History Summary

The first English grammar, Pamphlet for Grammar by William Bullokar
William Lily’s Latin grammar, Rudimenta Grammatices (1534)
Lily’s grammar was being used in schools in England at the time, having been “prescribed” for them in 1542 by Henry VIII.
Although Bullokar wrote his grammar in English and used a “reformed spelling system” of his own invention, many English grammars, for much of the century after Bullokar’s effort, were to be written in Latin; this was especially the case for books whose authors were aiming to be scholarly.
Christopher Cooper’s Grammatica Linguæ Anglicanæ (1685) was the last English grammar written in Latin.
Latin grammar traditions bore down oppressively on early English grammar writing.
Any attempt by one author to assert an independent grammatical rule for English was quickly followed by declarations by others of the truth of the corresponding Latin-based equivalent.
As late as the early nineteenth century, Lindley Murray, the author of a widely used grammar, was having to cite “grammatical authorities” to bolster the claim that grammatical cases in English are different from the ones in Ancient Greek or Latin.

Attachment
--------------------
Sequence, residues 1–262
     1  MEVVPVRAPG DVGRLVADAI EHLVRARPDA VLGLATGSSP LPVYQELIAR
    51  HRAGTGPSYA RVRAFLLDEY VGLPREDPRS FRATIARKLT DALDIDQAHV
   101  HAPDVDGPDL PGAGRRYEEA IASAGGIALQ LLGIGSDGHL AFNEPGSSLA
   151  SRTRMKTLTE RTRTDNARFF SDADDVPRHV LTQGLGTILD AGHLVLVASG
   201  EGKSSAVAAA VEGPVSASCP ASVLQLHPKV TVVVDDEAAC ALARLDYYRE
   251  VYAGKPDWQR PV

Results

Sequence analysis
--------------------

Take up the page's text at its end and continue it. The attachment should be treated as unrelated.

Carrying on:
The focus on tradition belied the role that other social forces had begun to play in the early seventeenth century.
Increasing commerce, and the social changes in its wake, created a new impetus for grammar writing.
The greater British role in international trade in the second half of the century, created a demand for English grammars among speakers of other languages.
Quite a few English grammars were published in European languages.
Grammars were also being written for “non-learned, native-speaker audiences” in Britain, such as women, merchants, tradesmen, and children.
As education and literacy had become more widespread by the early eighteenth century, many grammars, such as John Brightland‘s A Grammar of the English tongue (1759) and James Greenwood‘s Essay towards a practical English grammar, were intended for those without a Latin background, including the “fair sex” and children.